by David Galt, BLR Legal Editor
OSHA recently revised its hazard communication, or “worker right-to-know” standard, that requires employers to provide safety training and information to workers that are exposed to hazardous chemicals. According to OSHA, the revisions will affect over 5 million workplaces and 40 million workers.
The revisions align U.S. worker right-to-know requirements with the United Nations’ Globally Harmonized System of Classification and Labeling of Chemicals, or GHS. The changes are designed to reduce confusion about chemical hazards in the workplace, and improve safety training and worker understanding of chemical hazards in the workplace through improved chemical labeling and the new 16-section safety data sheets, or SDSs. The SDSs will replace the existing material safety data sheets.
The GHS revisions will become law effective May 25, 2012.
Phase-In Period for Safety Training
OSHA will allow employers a 4-year transition or phase-in period to comply with all of the new GHS requirements in the worker right-to-know rule. The first transition deadline will apply to safety training on chemical labels and SDSs for workers exposed to hazardous chemicals.
- May 25, 2012 to November 30, 2013 Transition Period. Train employees how to read and interpret chemical labels and safety data sheets in compliance with either:
- The pre-GHS hazard communication standard for labels and material safety data sheets (MSDSs); or
- The GHS revisions for new-style labels and SDSs;
- or both the pre-GHS hazard communication standard and GHS revisions at the same time
- December 1, 2013. All employers must train employees about the new GHS-style chemical labels and SDSs.
Safety Training Under GHS
Many employers will go through a phase-in period where both old and new-style chemical labels, old-style MSDSs, and new-style SDSs will be present in the workplace. Until December 1, 2013, OSHA will allow employers the choice to train employees under the pre-GHS hazard communication standard requirements, or the standard with GHS amendments, or both.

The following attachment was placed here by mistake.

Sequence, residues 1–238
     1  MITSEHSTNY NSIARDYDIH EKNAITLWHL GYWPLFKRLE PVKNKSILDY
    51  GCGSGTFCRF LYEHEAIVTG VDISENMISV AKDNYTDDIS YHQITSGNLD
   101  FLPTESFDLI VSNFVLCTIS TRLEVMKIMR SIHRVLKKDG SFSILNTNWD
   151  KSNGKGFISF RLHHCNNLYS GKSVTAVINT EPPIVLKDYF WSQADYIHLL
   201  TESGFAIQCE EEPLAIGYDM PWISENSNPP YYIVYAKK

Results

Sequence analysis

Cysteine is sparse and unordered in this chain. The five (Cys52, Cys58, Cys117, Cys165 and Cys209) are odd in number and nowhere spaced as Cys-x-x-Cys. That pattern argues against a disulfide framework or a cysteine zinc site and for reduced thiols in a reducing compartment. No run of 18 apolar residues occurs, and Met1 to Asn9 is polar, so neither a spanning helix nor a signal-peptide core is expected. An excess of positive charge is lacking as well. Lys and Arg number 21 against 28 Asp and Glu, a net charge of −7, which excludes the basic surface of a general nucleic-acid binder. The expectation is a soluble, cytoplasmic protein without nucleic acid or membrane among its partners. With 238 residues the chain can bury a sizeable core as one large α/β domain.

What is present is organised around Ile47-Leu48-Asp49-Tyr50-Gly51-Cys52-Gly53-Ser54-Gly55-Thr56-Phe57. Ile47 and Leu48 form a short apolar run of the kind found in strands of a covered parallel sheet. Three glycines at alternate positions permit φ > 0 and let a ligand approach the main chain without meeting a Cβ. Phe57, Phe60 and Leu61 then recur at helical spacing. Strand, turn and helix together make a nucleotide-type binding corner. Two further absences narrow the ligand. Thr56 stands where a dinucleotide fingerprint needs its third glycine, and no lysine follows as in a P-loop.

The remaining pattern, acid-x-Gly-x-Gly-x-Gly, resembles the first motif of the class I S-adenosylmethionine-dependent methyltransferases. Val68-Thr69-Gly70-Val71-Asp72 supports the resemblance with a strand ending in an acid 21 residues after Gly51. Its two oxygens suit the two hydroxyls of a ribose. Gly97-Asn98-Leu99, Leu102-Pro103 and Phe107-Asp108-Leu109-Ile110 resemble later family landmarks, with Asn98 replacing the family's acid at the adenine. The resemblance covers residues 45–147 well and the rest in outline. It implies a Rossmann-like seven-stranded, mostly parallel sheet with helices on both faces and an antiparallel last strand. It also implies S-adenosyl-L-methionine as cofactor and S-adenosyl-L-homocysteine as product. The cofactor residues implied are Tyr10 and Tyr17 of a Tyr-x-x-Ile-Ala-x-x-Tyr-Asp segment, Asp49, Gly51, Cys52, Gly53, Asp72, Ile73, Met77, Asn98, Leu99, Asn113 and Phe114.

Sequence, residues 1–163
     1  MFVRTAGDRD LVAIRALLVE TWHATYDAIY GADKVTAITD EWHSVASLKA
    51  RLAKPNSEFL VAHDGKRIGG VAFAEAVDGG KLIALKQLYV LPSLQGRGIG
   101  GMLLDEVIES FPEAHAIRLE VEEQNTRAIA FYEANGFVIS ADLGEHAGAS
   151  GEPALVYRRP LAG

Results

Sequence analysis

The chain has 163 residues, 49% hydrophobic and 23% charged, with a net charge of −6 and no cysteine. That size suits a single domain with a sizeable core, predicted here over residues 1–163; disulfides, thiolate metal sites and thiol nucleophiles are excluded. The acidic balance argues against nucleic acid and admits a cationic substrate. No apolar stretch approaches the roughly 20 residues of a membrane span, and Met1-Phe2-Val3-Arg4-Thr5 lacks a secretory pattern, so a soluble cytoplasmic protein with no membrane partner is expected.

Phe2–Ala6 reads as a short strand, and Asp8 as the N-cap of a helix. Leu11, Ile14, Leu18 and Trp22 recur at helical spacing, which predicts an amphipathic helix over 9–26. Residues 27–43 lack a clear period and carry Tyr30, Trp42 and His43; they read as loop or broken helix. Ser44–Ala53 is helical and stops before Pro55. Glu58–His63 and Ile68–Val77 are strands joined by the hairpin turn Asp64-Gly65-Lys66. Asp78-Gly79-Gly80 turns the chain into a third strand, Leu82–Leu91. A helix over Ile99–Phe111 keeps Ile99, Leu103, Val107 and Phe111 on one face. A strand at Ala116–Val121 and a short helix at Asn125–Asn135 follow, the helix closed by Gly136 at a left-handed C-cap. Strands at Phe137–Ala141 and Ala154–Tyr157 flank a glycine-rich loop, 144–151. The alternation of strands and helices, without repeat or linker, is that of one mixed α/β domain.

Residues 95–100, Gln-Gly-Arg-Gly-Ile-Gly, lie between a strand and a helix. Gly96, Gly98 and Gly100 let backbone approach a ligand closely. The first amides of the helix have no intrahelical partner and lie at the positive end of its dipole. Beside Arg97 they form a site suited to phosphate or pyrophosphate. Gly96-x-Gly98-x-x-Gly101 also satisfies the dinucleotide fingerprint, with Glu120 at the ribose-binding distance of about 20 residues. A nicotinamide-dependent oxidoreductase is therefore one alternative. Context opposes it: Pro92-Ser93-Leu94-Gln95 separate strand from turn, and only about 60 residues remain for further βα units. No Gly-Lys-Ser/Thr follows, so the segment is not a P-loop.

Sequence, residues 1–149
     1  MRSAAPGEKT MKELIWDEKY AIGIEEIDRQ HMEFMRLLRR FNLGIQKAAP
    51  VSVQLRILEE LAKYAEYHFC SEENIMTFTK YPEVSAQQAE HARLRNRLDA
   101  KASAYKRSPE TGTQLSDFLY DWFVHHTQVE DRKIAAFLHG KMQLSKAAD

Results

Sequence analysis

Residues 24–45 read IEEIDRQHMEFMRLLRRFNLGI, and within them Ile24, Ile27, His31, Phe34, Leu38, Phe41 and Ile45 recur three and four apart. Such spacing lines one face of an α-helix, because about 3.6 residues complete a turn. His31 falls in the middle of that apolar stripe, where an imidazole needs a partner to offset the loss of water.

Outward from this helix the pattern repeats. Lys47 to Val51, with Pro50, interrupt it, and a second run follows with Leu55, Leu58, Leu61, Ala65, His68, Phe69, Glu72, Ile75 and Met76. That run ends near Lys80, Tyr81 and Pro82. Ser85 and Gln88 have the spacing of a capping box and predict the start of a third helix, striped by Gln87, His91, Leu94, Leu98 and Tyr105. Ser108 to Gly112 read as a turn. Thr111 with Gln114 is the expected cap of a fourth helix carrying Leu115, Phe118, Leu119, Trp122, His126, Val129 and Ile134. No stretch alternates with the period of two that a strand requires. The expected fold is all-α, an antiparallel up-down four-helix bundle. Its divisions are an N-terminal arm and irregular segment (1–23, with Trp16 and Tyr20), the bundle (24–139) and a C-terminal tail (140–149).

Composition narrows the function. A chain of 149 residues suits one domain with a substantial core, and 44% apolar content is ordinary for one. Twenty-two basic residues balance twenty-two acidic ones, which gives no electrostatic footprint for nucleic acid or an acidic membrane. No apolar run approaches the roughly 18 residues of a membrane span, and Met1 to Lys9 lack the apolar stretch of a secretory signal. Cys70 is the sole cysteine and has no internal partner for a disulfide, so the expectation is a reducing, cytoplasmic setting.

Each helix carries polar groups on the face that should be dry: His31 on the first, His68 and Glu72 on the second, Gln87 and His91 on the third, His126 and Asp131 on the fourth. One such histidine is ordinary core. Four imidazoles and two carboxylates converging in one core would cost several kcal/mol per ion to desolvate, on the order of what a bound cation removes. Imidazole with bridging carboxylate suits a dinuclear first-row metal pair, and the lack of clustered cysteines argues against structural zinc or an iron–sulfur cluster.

Start training ASAP. OSHA has stated in the preamble to the revised hazard communication standard that “the [label and SDS] training needs to be completed by the time employees begin to see the new labels and SDS rather than waiting until after the transition has been completed.” Therefore, employers should review all chemical labels and MSDSs or SDSs shipped to them. Some chemical manufacturers have already created the GHS-style labels and SDSs, and have already started sending them to employers. Once employers start to receive the new GHS-compliant labels and SDSs, it would be prudent to immediately start training employees how to read and interpret them.
Integrate old-style and new-style labels and data sheets into safety training. From now until December 1, 2013, employers have the choice to train employees to read the old labels and MSDSs, or the new-style labels and SDSs, or both sets of labels/sheets at the same time. For many employers, the GHS-compliant label and SDS training should be integrated with training for the older labels and MSDSs.
SDS and MSDS file management. During the phase-in period, OSHA will not require employers to maintain separate sets of MSDSs and SDSs for compliance purposes. They can be integrated as long as the most current MSDS or SDS for a chemical is available.
Worker Right-to-Know State Laws
By September 22, 2012, states with OSHA-approved state safety and health regulatory programs must add OSHA’s GHS amendments to their hazard communication standards. 21 states, Puerto Rico, and the U.S. Virgin Islands have OSHA-approved programs that regulate private (private businesses and nonprofit organizations) and public (state and local governments) sector workplaces. States may adopt the revisions earlier, and some states may adopt their own revisions that are stricter than federal requirements. See the relevant state Hazard Communication Standard analysis for updates.
David Galt is a Legal Editor for BLR’s environmental and safety publications, focusing primarily on training and safety and health-related topics. He has spent 15 years in the environmental regulatory field as a lobbyist and policy analyst, and has a Master’s Degree in environmental management from the Yale School of Forestry and Environmental Studies. Dave serves on the National Environmental, Safety and Health Training Association (NESHTA) Board of Directors.